Clean beauty trend getting attention with 35% APAC consumers looking for cruelty-free beauty products, says GlobalData

With the clean beauty concept starting to open up in the Asia-Pacific (APAC) region lately, multinationals within the cosmetics & toiletries (C&T) industry are revamping their product portfolio with precisely tailored sensory properties and indulgent benefits. Against this backdrop, 35% consumers in APAC are actively looking for products with ‘cruelty-free’ claim while purchasing beauty/grooming products, says GlobalData, a leading data and analytics company.

GlobalData’s 2019 Q3 Consumer Survey reveals that 24% consumers look for ‘vegan’ claim, and in line with it, manufacturers are recouping the consumer trust by incorporating more natural clean ingredients.

Namrata Sain, Consumer Insights Analyst at GlobalData, explains: “Rising concerns among consumers around green chemistry with desire to adopt healthy lifestyle has given rise to the concept of organic and cruelty free beauty products.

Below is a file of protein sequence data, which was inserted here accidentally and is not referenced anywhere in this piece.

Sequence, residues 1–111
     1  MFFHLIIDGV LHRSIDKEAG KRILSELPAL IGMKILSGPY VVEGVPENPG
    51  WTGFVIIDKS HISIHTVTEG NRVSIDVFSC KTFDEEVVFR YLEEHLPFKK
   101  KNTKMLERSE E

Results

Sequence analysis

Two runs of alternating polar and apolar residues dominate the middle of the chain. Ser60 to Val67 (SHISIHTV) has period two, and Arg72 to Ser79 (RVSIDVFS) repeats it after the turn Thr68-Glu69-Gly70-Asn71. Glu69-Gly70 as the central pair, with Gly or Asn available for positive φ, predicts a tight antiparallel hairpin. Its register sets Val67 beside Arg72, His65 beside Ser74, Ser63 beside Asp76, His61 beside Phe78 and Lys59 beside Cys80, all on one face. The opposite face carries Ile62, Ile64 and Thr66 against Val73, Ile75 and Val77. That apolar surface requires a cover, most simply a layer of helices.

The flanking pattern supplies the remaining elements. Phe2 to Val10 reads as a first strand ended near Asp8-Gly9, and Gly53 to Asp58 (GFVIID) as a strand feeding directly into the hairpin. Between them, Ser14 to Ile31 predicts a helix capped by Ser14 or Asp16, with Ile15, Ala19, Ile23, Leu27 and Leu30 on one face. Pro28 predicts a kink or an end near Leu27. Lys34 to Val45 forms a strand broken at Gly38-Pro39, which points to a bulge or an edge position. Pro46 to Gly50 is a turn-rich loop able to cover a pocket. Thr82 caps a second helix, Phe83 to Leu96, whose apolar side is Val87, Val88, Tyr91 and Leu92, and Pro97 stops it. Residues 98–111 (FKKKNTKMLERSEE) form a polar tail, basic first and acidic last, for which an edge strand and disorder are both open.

“Therefore, the future of clean beauty not only claims to be ‘accredited’ natural or organic, but also should be aligned towards a healthy lifestyle. Brands who are putting consumers’ health at forefront are getting more traction with cosmetics free from allergens and infused with natural oils in an increasingly competitive market.”

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According to GlobalData’s 2019 Q3 Consumer Survey, 33% consumers in APAC actively look for Paraben-free products, whereas 32% respondents look for ‘silicone-free’ beauty/grooming products, as demand for C&T products with ‘100% natural’ claims will contribute to the future growth of the market.

In line with this emerging trend of organic beauty, one of the most popular brands of social media, Drunk Elephant, also known as ‘clean beauty’ brand, has been focusing majorly in cutting down on essential chemical oils, drying alcohols, silicone, chemical sunscreens, Fragrance/dyes and Sodium laureth sulfate (SLS).

Sain concludes: “As consumers continue to scrutinize the various components in the products they put on their skin, zero irritants will become the new standard of natural beauty with increased demand for stripped-back, ‘clean’ ingredients in the cosmetic sector.”

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